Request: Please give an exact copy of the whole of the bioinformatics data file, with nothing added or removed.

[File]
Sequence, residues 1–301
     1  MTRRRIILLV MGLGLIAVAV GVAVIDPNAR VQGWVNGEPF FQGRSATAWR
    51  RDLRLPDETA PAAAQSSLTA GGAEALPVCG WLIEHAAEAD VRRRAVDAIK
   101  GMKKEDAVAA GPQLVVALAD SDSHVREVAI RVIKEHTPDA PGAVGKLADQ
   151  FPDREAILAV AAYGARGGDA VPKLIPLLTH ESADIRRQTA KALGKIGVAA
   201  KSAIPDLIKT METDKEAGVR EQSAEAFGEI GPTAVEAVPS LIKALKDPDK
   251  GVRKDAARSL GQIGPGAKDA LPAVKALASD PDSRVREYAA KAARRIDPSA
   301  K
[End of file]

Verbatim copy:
Sequence, residues 1–301
     1  MTRRRIILLV MGLGLIAVAV GVAVIDPNAR VQGWVNGEPF FQGRSATAWR
    51  RDLRLPDETA PAAAQSSLTA GGAEALPVCG WLIEHAAEAD VRRRAVDAIK
   101  GMKKEDAVAA GPQLVVALAD SDSHVREVAI RVIKEHTPDA PGAVGKLADQ
   151  FPDREAILAV AAYGARGGDA VPKLIPLLTH ESADIRRQTA KALGKIGVAA
   201  KSAIPDLIKT METDKEAGVR EQSAEAFGEI GPTAVEAVPS LIKALKDPDK
   251  GVRKDAARSL GQIGPGAKDA LPAVKALASD PDSRVREYAA KAARRIDPSA
   301  K